Effects of saturated hydraulic conductivity on volunteer potato (Solanum Tuberosum L.) tuber survival

Yukiyoshi Iwata, Tomoyoshi Hirota, Tomotsugu Yazaki, Akeo Iwasaki, Takeshi Suzuki, Satoshi Inoue, Kazuei Usuki

Research output: Contribution to journalArticlepeer-review

3 Citations (Scopus)


In situ observations were conducted at eight fields in the Tokachi region of the northernmost island of Japan to assess the effects of soil physical conditions on the survival of volunteer potato (Solanum tuberosum L.) tubers. Statistical analyses revealed a positive correlation between the survival rate and the lowest value of saturated hydraulic conductivity to a depth of 0.5 m, except for data from one field where potato tubers were killed by low temperatures below-3°C during winter and from another field with poor drainage despite high soil permeability to 0.5 m in depth. Incubation experiments indicated that potato tubers survived in saturated soil at 0 and 6°C, which respectively matched soil temperatures during the snowmelt period and 1 week thereafter. This result suggests that potato tubers can survive prolonged exposure to moist surface soil caused by large amounts of snowmelt water during the spring snowmelt period. The incubation experiment results also indicated that potato tubers were killed in saturated soil at 15°C. This temperature was almost equal to the average air temperature during the period when volunteer potato tubers were sprouting in the field. Therefore, this result implies that the potato tubers will be killed after a substantial amount of rainfall during the subsequent warm period at poorly drained fields.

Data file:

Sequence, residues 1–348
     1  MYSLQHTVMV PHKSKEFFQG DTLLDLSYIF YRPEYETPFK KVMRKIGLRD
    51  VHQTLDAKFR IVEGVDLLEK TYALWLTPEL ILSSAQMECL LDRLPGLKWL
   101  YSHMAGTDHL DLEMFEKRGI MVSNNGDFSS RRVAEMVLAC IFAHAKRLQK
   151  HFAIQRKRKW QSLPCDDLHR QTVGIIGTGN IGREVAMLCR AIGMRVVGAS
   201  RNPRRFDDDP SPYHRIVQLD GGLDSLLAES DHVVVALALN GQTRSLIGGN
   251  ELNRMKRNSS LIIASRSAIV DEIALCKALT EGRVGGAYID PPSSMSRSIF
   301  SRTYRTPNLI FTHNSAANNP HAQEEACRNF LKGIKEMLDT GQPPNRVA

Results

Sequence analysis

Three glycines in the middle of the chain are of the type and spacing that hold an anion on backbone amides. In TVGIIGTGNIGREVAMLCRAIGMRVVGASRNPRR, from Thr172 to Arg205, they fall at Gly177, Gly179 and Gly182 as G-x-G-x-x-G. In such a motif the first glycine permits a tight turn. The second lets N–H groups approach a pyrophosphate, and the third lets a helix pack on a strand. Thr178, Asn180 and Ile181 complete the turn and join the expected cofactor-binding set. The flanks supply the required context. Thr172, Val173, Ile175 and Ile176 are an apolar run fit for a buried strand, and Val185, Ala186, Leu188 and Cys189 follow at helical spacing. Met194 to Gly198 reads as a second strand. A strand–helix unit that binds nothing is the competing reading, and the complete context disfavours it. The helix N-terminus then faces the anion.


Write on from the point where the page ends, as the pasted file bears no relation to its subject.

Original languageEnglish
Pages (from-to)235-241
Number of pages7
JournalSoil Science and Plant Nutrition
Issue number2
Publication statusPublished - Nov 24 2015
Externally publishedYes

All Science Journal Classification (ASJC) codes

  • Soil Science
  • Plant Science


Dive into the research topics of 'Effects of saturated hydraulic conductivity on volunteer potato (Solanum Tuberosum L.) tuber survival'. Together they form a unique fingerprint.

Cite this